Heat tortillas by placing them, one at a time, directly on the charcoal grill, for a total of 30 seconds, turning once, until hot and soft. Do not overcook or they will dry and harden. Keep warm by wrapping in hot damp cloth or in foil in a 275-degree oven.

Serve the sliced meat on the warm tortillas with salsa, guacamole, avocado slices and sour cream. Roll up and eat either with fingers or fork. TOMATO SALSA (Makes 1 1/2 cups)

2 medium tomatoes, peeled, seeded, chopped finely

1 tablespoon olive oil

3 scallions, minced

2 tablespoons canned chopped green chilies

2 tablespoons fresh coriander, chopped

1/2 teaspoon salt

1 avocado, peeled, seeded, chopped (to be added or served separately)

In a nonmetallic bowl, mix together all ingredients except avocado. Cover and refrigerate.

When ready to serve, add avocado (or serve separately.) LINNETTE KELLER'S CHINGALINGAS (Makes 36 appetizers)

South Padre caterer Linnette Keller likes to vary the "heat" of her Mexican cocktail party food. This crispy fried tortilla concoction has no chili in it, but it is served with a salsa dip to give it a kick.

3-pound chicken

1 teaspoon salt

2 cloves garlic

1 bay leaf

1 tablespoon vegetable shortening

1 small onion, minced

1 green bell pepper, seeded and diced

2 large tomatoes, peeled, chopped

1 teaspoon chicken bouillon granules

12 8-inch flour tortillas

Oil for frying

Salsa and sour cream for serving

In a large kettle, place chicken, salt, 1 clove garlic and bay leaf in enough water to cover. Simmer 1 hour, or until very tender. Remove chicken from broth and let stand until just cool enough to handle. With fingers, shred chicken, reserving pieces of skin. Finely chop skin and set aside.

In a large skillet, melt shortening and saute' onion and bell pepper until soft, about 5 minutes. Add second clove of garlic and saute' another minute. Add shredded chicken, tomato and chicken bouillon granules. Reduce heat, simmer, stirring until nearly all liquid is absorbed.

In another skillet fry pieces of chicken skin until brown and crisp, about 10 minutes. Add to chicken mixture and cook another 5 minutes. Mixture will be nearly dry.

Steam tortillas soft* (or soften 10 seconds in microwave oven). Place about 1/4 cup chicken filling at bottom edge of tortilla. Roll up, tucking in ends. Secure flap with toothpick. Repeat with remaining tortillas. Cover with damp cloth to keep from drying out.

Heat oil in deep fryer to 350 degrees. (If oil is not hot enough, tortillas will be tough.) Add chingalingas in batches and fry until golden brown, about 3 minutes per side. (Or fry in 1 inch of hot oil in a skillet, turning once, until golden brown.) Drain on paper towel. Remove toothpicks.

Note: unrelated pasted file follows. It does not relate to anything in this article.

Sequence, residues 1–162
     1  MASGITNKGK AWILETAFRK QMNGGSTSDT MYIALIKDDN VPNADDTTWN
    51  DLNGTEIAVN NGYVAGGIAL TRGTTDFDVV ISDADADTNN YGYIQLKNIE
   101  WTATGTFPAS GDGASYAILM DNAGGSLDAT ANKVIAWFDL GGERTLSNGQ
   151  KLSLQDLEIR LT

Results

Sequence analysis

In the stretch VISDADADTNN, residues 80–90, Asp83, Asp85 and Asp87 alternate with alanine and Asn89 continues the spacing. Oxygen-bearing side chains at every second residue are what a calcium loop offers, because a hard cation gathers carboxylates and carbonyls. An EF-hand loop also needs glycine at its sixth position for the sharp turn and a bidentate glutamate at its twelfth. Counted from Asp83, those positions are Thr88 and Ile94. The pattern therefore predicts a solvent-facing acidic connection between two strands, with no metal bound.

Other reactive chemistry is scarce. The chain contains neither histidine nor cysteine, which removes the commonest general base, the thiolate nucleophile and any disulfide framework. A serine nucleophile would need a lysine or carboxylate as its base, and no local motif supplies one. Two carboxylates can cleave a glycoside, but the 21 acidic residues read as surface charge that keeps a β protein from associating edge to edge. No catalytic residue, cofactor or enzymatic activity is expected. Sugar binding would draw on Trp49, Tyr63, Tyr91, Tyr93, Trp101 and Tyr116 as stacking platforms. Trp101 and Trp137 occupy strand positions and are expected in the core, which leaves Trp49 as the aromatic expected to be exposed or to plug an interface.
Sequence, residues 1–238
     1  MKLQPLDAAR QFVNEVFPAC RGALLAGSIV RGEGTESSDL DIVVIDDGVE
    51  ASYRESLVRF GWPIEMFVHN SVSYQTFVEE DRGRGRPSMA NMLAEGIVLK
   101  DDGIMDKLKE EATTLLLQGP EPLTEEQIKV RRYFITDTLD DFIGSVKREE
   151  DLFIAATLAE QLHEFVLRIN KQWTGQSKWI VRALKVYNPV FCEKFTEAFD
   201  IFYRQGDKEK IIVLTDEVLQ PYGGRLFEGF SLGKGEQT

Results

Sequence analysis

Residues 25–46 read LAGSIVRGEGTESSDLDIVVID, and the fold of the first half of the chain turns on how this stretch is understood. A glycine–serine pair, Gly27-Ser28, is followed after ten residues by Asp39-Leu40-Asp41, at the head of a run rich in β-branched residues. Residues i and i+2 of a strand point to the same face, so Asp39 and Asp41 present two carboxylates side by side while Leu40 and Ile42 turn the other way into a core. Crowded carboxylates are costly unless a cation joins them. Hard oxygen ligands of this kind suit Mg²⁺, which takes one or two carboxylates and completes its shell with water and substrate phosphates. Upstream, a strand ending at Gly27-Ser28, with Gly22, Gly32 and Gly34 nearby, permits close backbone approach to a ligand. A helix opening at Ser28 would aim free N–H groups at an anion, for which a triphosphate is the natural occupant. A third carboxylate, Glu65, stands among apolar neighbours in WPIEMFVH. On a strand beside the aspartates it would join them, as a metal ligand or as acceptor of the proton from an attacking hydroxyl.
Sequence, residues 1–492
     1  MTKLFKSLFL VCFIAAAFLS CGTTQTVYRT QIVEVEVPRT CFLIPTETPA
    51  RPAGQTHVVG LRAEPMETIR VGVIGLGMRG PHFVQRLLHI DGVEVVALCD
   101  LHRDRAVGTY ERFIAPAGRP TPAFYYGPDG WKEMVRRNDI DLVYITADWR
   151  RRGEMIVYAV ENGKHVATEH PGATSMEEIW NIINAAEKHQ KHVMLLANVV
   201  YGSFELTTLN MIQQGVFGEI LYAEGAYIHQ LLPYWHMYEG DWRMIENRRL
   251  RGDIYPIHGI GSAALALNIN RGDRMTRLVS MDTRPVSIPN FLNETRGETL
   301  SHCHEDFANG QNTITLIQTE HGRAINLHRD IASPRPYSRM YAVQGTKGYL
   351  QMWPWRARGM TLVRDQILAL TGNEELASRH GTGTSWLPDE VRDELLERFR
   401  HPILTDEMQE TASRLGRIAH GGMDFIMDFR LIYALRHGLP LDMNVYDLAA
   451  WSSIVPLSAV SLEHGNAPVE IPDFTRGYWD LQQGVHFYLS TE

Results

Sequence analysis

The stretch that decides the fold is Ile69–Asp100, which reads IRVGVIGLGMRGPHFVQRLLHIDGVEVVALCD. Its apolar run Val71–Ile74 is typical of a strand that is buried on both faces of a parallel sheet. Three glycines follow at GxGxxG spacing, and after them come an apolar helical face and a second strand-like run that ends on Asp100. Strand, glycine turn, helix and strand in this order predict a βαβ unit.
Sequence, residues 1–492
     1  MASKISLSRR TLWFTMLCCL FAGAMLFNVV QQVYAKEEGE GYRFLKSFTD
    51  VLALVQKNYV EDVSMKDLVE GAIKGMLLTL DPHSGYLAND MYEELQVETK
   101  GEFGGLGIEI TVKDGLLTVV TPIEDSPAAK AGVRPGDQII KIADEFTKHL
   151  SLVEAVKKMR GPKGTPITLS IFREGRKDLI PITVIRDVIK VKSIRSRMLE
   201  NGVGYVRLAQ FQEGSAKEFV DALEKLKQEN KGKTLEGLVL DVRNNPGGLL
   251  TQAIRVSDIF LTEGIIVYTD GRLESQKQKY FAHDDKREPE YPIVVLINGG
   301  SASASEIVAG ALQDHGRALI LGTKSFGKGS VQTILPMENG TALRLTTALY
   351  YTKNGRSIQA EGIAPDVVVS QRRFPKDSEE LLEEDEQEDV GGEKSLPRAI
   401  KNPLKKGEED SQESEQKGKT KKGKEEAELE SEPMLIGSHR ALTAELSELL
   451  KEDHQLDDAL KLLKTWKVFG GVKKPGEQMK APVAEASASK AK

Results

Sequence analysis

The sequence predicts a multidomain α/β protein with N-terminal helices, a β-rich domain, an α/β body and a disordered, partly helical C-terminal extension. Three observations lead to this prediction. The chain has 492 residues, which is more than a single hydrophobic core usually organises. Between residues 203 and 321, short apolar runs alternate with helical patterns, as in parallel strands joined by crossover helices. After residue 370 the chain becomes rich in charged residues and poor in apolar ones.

Serve whole or slice each roll into 3 or 4 pieces. Serve with bowls of salsa and sour cream.

* To soften tortillas: Remove from refrigerator about 30 minutes before needed. Dip hand in water and brush over each side of tortilla. Place on a rack over boiling water. Heat one at a time. If properly dampened, they won't crack when folded and will be flakier and more tender when fried. TORTILLA DE HUEVOS IN BIG FLOUR TORTILLA (4 servings)

Tortilla is a word that refers not only to the familiar flat, round bread, but it also can identify a Mexican or Spanish omelette. At South Padre, the combination of the two "tortillas" produced the filling lunch special, but it could also make an interesting Mexican brunch item.

The 12-inch tortillas are not usually found in the stores here. But sometimes the 10-inch ones are available in specialty markets.

Optional variations to this omelette are the addition of cooked and crumbled chorizo sausage, chopped green olives or saute'ed chopped onion.

4 big flour tortillas, at least 10-inch size

8 eggs, slightly beaten

2 to 4 tablespoons chopped, canned green chilies

4 small red bliss potatoes, cooked, peeled and diced

Salt to taste

2 tablespoons butter

Soften tortillas by quickly heating or frying on a griddle until they are just soft but not crisp. Keep warm in foil or covered dish in warm oven.

In a bowl, combine eggs, chilies, potatoes and salt. In a frying pan, melt butter over medium-high heat. When butter just begins to brown, add egg mixture. When bottom begins to set, lift edges to let uncooked portion flow underneath. When top is nearly set remove from heat.

Cut into 4 servings. Place a tortilla on a plate, on this place a serving of omelette and fold the tortilla in half. BORDER BUTTERMILK (Makes 6 drinks)

Milk is not one of the ingredients. Pink lemonade makes a prettier drink but it is not authentic border buttermilk. It can also cool off the non-drinkers or the kids by simply leaving out the rum.

6-ounce can frozen lemonade

6 ounces white rum

Crushed ice to fill blender

Place all in blender and blend at low speed until thick and frothy.